The M25 motorway could be widened into an eight-lane highway, it is reported.
The M25 is Britain's busiest road
The scheme to widen the key road around London could start within four years and cost £1.7bn, the Financial Times says.
Transport Secretary Alistair Darling is due to address the House of Commons on about road building on Wednesday.
A Department for Transport spokesman described the newspaper report as speculation and told BBC News Online no details would be released ahead of Mr Darling's speech.
Some stretches of the M25 - Britain's busiest road - already have eight lanes.
The widening of other parts of the motorway could be completed by 2012, the Financial Times says.
The government's study into road usage around London, called Orbit, began in 2000.
A proposal to introduce road user charges for a huge swathe of southern England was shelved by the South East England Regional Assembly last year.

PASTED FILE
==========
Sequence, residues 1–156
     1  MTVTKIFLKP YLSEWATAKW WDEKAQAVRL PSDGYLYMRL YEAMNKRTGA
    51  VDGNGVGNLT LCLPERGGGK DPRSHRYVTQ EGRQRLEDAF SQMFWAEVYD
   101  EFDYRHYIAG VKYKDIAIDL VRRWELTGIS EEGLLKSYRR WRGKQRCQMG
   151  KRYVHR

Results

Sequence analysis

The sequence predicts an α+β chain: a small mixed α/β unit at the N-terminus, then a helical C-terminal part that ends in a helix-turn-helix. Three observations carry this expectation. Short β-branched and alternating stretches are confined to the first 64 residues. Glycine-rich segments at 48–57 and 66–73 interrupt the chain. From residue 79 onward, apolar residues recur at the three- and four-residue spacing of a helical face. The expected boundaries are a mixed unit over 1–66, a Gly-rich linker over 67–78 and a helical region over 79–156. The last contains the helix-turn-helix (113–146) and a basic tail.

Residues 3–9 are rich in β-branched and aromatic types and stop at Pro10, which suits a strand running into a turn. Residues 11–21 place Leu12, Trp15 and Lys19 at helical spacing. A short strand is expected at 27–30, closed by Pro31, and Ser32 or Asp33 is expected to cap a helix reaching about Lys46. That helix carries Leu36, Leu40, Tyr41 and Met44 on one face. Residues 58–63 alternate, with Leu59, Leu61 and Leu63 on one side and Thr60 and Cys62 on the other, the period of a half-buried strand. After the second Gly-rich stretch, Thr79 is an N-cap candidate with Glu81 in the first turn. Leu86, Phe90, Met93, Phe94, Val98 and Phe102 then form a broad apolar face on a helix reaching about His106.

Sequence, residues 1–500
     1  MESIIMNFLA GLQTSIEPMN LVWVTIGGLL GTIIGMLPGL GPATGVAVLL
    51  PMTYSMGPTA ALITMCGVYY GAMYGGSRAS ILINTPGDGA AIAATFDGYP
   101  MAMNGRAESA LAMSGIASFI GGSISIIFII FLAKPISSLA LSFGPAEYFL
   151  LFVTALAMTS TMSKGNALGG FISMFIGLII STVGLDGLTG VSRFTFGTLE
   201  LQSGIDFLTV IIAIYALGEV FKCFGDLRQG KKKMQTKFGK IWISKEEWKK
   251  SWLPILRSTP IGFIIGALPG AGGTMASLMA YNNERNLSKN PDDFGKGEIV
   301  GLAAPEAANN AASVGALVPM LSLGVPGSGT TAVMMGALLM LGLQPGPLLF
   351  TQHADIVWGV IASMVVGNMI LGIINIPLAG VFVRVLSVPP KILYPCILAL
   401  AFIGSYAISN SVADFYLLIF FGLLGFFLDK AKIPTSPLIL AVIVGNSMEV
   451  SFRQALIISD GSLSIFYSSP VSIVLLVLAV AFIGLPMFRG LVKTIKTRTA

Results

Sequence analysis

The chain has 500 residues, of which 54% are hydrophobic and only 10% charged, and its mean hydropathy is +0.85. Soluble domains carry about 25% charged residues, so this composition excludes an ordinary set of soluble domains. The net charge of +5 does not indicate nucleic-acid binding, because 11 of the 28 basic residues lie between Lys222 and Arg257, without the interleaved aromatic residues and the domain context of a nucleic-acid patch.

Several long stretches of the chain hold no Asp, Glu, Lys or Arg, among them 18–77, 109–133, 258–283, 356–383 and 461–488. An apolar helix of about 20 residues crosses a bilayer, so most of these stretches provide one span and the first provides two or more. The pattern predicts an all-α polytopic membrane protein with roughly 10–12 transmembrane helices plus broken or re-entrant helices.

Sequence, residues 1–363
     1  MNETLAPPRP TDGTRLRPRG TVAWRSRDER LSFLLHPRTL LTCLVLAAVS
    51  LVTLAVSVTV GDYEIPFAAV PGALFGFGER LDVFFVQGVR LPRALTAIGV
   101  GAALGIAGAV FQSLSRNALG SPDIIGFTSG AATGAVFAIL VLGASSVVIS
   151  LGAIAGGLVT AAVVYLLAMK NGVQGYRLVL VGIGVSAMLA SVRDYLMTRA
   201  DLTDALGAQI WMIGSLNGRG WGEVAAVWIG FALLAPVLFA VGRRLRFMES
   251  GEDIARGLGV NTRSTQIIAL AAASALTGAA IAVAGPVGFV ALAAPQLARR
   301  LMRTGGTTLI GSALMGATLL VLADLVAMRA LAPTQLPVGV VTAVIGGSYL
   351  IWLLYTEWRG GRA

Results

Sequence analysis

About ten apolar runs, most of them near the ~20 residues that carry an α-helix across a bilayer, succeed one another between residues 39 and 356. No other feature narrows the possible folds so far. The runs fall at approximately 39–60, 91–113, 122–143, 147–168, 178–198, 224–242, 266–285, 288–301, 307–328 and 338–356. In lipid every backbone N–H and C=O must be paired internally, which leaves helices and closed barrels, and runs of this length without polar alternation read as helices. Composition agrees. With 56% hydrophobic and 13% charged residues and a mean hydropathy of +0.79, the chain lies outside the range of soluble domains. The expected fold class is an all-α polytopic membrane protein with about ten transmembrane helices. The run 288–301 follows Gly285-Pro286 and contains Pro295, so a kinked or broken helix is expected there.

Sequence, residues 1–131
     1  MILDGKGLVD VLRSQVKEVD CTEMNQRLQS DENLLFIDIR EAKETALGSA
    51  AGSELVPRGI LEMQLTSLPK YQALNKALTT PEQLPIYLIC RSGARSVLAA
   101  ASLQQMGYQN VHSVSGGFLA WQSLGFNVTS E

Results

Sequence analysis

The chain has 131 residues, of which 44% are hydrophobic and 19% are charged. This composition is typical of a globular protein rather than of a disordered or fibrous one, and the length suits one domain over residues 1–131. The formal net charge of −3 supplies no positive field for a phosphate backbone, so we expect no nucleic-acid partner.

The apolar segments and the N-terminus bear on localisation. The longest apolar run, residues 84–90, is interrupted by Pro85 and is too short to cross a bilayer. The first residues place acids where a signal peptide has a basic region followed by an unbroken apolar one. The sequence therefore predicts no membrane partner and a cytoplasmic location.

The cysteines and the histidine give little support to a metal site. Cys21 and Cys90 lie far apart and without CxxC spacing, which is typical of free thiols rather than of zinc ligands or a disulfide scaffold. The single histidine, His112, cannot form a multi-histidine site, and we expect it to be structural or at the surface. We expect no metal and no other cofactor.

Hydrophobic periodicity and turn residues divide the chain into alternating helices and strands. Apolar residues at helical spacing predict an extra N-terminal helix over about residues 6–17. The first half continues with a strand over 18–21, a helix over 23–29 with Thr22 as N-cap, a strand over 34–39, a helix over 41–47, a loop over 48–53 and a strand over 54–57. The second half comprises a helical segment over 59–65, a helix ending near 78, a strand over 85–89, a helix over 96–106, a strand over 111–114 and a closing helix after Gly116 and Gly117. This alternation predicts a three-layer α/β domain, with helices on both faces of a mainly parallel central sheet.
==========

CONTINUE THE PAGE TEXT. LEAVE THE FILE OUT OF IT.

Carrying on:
The proposal said charges should be brought in for roads within a 50-mile radius of London to solve motorway congestion.
But the assembly said there were "serious concerns" about the charging plan.
The Orbit study also suggested 50 miles of the 120-mile M25 should be widened to four lanes.
But it said this should only go ahead if charges were introduced for motorists using roads within the 50-mile radius.
It added that if such charges were ruled out, motorists should pay a toll of 3p a mile to travel on the widened stretches.
A spokesman for the RAC Foundation said the organisation would welcome any plans to widen the M25.
He said: "While waiting to see what is in the announcement on Wednesday, it looks very
positive in making sure that the M25 doesn't remain as one of the biggest car parks in Europe.
"If something is not done then we are going to be in a dire situation for years to come."
But environmental campaigners reacted angrily to the report.
A Friends of the Earth spokesman said: "The government pledge to get people to use their cars less and public transport more is now a hollow promise."